DJ Blackcat is a veteran of Toronto’s music scene, and he says he has seen queer clubs become steadily more appreciative of urban culture. But this year at Pride he saw an incident that made him worry that Toronto’s queer community might be stepping backward.
At the Pride parade, multicultural DJ collective Yes Yes Y’all was spinning hip hop at Centre Stage when they found themselves being heckled by members of the audience. “I was coming after to relieve them, and when I got there they were [being told] they should go to Blockorama (Toronto Pride’s Afrocentric stage) and ‘play that music there,’” Blackcat says. “I personally was very angered by it.”
Sammy Rawal of Yes Yes Y’all says that the heckling his crew experienced, while from only a select few within a packed audience, was “really fucked up.”
“I’m not too sure what these guys were thinking, but I have to wonder whether they even realize they were being as racist as they were… suggesting we go play a ‘cultural stage’ is incredibly offensive,” he says. “That type of racism is almost way more dangerous than the really blatant racism.”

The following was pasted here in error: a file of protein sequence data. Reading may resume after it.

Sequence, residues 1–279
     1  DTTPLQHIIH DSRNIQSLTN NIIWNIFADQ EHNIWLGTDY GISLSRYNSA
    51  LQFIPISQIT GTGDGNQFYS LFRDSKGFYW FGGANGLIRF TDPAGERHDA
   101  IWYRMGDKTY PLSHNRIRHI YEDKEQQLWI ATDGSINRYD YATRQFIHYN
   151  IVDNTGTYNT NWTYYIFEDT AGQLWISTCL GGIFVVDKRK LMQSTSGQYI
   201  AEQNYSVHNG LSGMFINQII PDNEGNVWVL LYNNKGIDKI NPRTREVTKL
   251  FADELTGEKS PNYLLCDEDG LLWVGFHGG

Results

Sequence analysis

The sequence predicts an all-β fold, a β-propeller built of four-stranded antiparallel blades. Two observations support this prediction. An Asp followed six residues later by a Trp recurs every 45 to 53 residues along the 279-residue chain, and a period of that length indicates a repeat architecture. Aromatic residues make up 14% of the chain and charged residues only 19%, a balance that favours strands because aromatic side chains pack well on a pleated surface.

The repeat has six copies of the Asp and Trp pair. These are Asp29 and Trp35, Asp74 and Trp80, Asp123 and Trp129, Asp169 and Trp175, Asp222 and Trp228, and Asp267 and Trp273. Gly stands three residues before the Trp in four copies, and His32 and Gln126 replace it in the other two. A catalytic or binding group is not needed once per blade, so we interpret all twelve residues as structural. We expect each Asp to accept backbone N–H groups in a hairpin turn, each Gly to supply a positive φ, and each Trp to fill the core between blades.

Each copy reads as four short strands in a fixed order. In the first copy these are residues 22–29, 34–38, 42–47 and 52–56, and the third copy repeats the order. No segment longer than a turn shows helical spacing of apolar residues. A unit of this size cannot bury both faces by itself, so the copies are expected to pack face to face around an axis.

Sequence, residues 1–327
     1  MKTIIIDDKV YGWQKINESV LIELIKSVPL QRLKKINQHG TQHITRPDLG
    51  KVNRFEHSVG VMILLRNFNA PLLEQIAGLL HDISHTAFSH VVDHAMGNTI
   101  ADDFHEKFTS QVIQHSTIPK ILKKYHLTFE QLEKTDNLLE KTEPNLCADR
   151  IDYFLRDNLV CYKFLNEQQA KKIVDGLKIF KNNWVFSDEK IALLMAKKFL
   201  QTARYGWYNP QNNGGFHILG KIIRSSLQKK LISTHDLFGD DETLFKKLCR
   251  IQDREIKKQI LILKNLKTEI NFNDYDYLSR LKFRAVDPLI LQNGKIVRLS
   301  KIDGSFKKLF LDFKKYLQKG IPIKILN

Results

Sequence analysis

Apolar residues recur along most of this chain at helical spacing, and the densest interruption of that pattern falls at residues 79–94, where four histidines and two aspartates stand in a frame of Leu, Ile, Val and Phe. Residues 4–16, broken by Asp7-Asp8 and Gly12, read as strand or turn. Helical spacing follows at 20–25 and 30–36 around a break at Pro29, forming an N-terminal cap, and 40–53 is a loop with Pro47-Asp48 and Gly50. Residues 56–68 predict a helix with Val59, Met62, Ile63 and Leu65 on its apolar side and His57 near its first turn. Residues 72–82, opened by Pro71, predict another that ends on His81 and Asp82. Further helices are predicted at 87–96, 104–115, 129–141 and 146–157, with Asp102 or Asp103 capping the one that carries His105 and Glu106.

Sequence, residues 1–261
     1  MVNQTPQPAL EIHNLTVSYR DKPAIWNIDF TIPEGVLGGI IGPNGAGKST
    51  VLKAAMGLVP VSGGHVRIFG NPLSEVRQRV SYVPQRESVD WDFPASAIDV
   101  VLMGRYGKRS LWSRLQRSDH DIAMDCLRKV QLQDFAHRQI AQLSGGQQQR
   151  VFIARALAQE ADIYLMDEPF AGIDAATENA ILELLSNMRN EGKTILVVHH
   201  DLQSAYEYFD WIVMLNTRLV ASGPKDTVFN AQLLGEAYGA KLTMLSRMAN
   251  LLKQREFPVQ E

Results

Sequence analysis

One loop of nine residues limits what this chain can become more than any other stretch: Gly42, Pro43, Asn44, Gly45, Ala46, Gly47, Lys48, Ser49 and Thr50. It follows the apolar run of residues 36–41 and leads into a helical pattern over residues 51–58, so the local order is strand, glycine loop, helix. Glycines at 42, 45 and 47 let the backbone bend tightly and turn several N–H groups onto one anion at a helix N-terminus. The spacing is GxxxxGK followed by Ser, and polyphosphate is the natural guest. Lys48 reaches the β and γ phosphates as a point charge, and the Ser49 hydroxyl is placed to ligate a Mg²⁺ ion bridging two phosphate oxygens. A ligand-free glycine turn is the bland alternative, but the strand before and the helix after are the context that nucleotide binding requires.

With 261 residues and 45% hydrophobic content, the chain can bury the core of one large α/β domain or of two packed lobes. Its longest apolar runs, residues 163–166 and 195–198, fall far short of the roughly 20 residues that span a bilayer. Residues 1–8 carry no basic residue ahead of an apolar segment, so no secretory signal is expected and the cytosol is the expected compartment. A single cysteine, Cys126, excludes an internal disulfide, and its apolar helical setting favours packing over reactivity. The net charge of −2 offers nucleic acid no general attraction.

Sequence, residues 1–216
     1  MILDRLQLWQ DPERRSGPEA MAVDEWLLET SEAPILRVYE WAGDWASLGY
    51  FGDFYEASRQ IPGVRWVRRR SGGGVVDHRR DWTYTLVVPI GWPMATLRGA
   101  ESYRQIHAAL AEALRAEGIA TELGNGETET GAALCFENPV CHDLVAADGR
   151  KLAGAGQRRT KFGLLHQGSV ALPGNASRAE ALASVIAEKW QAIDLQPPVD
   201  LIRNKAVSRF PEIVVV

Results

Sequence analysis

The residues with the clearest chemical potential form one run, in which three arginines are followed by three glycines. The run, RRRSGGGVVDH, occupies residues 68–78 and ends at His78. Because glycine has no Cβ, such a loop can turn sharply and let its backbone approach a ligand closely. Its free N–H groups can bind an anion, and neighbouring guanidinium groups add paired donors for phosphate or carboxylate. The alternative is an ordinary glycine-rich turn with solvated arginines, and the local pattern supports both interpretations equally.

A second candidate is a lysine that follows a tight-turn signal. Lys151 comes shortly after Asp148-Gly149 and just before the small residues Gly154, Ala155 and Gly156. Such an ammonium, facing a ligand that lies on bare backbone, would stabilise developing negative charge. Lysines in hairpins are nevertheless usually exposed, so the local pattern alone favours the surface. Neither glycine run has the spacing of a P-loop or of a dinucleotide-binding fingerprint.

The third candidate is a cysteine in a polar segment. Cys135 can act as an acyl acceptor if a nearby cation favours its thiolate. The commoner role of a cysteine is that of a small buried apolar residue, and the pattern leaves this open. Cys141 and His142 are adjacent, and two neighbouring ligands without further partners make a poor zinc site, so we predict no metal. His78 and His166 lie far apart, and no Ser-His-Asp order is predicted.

“It really just comes back to people’s ignorance,” Rawal explains. “Some people might have a really narrow scope of what being queer is, and it’s a shame… being queer doesn’t necessarily define what kind of music you listen to or the way you dress or where you hang out.”
Because of the incident, some members of Yes Yes Y’all decided to stop playing and walked offstage. “It really put a bad taste in our mouths,” Rawal says. “I think it’s always really shocking when a minority disses another minority.”
It came as a surprise for Blackcat, who says things have become a lot better since he started in the scene. When he started, he explains, he was branded as the ‘urban DJ’ because he was black, even though he spins a variety of music. Now, he says, he can get work everywhere in the city. He points to parties like FML Mondays at Vizion, where everything from hip hop to techno is spun within the same night, as an example of a diversifying gay music scene.
“I think things are getting better,” he says. “We should keep going in this direction.”
But while some things change, he says, Toronto’s music scene continues to have a racism that remains insidious. “Racism in Toronto is very undercover,” he says. “I guess you’ll find it everywhere; you’ll find it anywhere… it is here, and as much as we’re playing in different clubs right now… it’s still in your face.”